One can detect four main attitudes toward truth in contemporary thought. The first is a doubt as to the possibility of truth altogether; the second is a confinement of truth to practice rather than theory; the third, a confinement of truth to theory rather than practice, but a theory so esoteric that only a tiny minority is privy to it; the fourth promotes, in the face of the first attitude, a fideistic affirmation of some religious truth or other.
In the case of the denial of the possibility of truth, this can take many different forms. Sometimes truth is regarded as an unnecessary term because it is held to denote simply an affirmation of what is the case. But if this ‘what is the case’ is not held to be true, then it reduces to what appears to be the case, or is held to be the case for certain practical purposes. Sometimes, again, truth is regarded as strictly relative to a certain set of cultural assumptions, and where the latter is regarded as arbitrary, then relativism or conventionalism ensues, with the consequence that there is no truth in any absolute sense. Finally, the same approach can receive an ontological extension, in such a way that even natural arrangements in time are regarded as aleatory. There may be temporary truths of fact, in the sense of contingent events of relation between things, including a relation to human understanding, but these facts do not arise according to truth in the sense of a coherent logic. For this position, the only truth that remains is the truth of the aleatory itself, which is enthroned as a positive value.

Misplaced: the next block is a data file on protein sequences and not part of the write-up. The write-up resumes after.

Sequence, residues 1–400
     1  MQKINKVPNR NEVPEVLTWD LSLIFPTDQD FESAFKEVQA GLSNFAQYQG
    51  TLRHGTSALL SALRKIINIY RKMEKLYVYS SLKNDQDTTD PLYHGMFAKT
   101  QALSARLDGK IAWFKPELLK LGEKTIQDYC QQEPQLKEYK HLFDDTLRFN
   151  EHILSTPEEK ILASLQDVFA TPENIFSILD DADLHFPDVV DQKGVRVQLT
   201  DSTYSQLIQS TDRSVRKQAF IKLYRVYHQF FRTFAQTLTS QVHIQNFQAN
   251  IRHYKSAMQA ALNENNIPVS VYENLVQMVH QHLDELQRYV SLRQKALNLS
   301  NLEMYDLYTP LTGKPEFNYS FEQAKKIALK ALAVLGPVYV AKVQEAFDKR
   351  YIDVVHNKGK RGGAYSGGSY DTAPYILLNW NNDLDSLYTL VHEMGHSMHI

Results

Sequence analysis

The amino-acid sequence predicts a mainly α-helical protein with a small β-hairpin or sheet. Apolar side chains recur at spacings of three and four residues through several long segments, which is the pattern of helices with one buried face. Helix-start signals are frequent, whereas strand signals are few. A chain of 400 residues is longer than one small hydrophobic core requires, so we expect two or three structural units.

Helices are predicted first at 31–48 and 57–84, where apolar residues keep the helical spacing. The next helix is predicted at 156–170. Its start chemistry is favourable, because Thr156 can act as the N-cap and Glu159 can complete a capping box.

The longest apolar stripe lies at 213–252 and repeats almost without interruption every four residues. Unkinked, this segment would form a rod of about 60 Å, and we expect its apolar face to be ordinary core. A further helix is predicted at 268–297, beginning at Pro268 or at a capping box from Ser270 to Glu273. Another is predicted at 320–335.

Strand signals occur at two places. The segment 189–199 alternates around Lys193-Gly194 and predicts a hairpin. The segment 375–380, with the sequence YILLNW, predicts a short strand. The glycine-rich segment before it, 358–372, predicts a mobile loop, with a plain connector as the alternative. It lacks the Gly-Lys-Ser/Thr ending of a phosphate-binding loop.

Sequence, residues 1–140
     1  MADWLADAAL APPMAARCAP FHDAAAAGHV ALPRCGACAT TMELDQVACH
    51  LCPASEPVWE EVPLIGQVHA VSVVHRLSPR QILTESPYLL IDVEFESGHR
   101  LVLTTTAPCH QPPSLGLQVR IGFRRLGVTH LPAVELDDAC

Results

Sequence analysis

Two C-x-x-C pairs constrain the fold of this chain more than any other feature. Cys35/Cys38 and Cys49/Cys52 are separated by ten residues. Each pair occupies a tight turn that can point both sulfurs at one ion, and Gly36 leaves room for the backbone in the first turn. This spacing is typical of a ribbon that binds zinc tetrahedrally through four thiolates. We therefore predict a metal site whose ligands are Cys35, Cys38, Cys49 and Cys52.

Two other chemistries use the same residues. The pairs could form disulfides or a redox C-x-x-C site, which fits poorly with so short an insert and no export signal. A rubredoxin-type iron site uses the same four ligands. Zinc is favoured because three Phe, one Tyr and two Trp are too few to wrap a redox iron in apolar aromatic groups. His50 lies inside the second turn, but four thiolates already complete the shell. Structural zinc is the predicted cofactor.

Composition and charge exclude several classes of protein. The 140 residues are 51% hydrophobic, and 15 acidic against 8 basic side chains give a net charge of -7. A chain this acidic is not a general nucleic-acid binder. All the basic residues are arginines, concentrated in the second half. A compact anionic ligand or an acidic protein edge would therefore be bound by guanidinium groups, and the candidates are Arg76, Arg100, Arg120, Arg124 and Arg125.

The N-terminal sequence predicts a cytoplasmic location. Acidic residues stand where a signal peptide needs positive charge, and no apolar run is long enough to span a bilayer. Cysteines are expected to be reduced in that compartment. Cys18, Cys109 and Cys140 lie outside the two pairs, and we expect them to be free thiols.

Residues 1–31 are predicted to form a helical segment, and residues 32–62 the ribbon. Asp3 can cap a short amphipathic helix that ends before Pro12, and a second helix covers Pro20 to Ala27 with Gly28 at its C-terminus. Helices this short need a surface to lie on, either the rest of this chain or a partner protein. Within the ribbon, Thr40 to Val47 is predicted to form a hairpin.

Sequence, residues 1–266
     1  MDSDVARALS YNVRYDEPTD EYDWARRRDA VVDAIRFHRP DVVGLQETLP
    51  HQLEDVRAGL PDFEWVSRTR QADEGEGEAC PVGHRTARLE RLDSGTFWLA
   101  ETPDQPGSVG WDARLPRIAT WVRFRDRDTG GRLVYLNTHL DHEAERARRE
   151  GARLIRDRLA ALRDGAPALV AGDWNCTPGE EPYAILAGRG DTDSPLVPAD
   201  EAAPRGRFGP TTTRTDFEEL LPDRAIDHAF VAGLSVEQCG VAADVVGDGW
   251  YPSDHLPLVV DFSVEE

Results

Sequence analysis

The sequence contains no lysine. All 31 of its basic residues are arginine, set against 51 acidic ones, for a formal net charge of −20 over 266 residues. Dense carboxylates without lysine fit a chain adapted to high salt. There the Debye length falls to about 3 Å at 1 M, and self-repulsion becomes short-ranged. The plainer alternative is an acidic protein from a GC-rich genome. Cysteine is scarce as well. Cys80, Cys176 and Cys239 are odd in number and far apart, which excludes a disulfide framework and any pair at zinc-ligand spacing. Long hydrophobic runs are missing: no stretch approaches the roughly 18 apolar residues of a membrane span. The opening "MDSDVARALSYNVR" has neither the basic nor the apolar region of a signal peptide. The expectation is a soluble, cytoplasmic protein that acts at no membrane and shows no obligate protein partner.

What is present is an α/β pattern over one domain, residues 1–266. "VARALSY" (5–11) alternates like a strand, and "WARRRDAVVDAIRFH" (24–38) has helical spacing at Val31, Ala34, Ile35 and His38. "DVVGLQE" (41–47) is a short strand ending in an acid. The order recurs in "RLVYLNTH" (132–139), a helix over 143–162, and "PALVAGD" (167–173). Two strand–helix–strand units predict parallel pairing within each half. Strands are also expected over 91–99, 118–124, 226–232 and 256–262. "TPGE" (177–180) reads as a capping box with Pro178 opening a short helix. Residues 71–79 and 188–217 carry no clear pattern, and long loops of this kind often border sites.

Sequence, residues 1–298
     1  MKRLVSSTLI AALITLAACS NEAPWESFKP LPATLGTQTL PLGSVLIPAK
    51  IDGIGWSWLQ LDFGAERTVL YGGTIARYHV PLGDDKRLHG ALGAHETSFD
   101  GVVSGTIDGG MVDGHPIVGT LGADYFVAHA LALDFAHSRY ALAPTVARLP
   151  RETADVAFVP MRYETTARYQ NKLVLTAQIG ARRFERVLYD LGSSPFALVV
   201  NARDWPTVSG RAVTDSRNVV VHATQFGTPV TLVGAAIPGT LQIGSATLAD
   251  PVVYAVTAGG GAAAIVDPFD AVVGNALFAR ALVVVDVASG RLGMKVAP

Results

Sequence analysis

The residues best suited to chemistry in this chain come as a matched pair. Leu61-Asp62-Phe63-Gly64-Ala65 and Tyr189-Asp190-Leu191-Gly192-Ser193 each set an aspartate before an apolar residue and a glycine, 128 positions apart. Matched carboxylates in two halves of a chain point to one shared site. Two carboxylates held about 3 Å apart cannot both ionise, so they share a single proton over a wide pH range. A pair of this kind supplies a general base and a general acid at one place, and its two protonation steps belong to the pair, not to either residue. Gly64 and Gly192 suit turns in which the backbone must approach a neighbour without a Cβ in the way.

For this first position, then, either truth is inaccessible, or else reality itself is not amenable to notions of truth. In the latter case, one has a full theoretical nihilism, whilst in the former case, one has a kind of practical nihilism.
The second position is an elaboration upon one version of the first. It holds that if truth as correspondence to reality is either unavailable or meaningless, then this is no cause for despair, because truth belongs much more naturally to practical rather than theoretical activity. Sufficient truth for human purposes is available in the successful attainment of humanly sought ends. Such attainment discloses to us a certain reality outside of which lies only vain speculation. However, this attitude drains truth of its connotations of the indefeasible, and of its sense of value. The first consequence follows, because if human achievement provides us no clue as to what is ultimately the